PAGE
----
"It’s set in a hospital, but in the basement of this hospital is a monster growing in a vat of nuclear boiling whatever, and the monster like - grows and then invades the hospital.
I was then talking to Lucy Ellinson and she described it as a play hiding in another play, where the second play eats the first one.
There’s a whole thing about organisms and buildings and people - people being like buildings, buildings being like people. By the end of the play, it’s like gone from having five characters to one character.
We looked at the play and it’s a really fragile thing. Some plays are really robust - Simon Stephens’ plays are really robust and that’s why they invite people to chop them up. There is a specificity to this play where you can only do so much with it and break it in not a useful way.
The space here is a bit smaller, and there’s something about like painterly composition. Five characters, that’s a really strong odd number, there’s one in like the centre and you have this symmetry. In this space, five people fill it but it’s also got lots of empty space.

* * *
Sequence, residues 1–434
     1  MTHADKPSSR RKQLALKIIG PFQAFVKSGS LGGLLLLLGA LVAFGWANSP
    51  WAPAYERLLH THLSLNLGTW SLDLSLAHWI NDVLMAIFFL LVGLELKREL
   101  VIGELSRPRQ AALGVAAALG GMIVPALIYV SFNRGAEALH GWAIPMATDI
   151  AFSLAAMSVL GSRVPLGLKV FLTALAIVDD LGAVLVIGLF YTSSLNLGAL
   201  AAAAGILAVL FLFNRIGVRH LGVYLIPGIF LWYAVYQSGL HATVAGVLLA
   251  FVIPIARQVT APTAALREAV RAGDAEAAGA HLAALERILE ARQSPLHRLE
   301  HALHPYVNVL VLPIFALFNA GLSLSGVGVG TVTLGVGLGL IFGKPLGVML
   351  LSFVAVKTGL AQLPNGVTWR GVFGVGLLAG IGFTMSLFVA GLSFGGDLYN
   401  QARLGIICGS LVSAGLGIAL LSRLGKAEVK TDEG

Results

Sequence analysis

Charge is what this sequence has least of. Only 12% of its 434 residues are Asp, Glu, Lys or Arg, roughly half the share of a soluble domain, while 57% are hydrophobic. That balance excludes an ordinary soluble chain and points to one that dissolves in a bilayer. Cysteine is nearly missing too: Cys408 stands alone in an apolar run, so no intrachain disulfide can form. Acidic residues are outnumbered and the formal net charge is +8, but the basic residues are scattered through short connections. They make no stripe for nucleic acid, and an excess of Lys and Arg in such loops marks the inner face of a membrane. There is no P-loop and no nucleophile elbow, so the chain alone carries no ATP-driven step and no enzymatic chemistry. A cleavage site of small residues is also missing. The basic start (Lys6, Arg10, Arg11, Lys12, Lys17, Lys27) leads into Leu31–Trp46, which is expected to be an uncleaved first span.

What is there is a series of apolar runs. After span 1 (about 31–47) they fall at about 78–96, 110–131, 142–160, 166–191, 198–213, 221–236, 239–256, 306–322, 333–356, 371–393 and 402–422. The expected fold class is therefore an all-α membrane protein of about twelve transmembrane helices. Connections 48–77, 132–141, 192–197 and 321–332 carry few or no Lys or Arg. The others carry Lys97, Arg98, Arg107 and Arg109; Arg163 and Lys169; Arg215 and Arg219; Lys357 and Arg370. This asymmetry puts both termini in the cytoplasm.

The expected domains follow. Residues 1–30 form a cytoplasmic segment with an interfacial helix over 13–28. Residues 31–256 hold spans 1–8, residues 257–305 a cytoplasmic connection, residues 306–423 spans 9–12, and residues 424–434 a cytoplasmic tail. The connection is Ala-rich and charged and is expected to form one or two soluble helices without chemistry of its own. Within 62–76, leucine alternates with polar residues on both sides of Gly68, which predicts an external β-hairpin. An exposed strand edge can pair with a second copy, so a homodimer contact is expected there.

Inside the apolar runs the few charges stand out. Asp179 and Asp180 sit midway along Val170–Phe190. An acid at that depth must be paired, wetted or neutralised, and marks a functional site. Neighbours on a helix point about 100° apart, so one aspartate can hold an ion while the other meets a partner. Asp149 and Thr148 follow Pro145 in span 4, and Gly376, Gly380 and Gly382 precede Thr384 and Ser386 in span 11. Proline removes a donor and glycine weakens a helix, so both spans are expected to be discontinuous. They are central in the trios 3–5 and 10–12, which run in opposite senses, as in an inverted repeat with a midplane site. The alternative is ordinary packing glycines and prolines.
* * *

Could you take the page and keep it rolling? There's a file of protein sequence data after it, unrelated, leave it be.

I think the music is really interesting because it doesn’t always do the thing sound design is assumed to do - which is to subtly support the play. It is a character, and sometimes that character is a little bit intrusive.
The most beautiful writing of the play is in the bit you can’t hear. That’s the point of the noise in the fit scene - it becomes democratising when you can’t hear the dialogue.
If you liked it but didn’t get it then ask yourself why you liked it and you’ll get something from it. And if you didn’t like it and didn’t get it then ask yourself why you didn’t like it and you’ll get something from that too."
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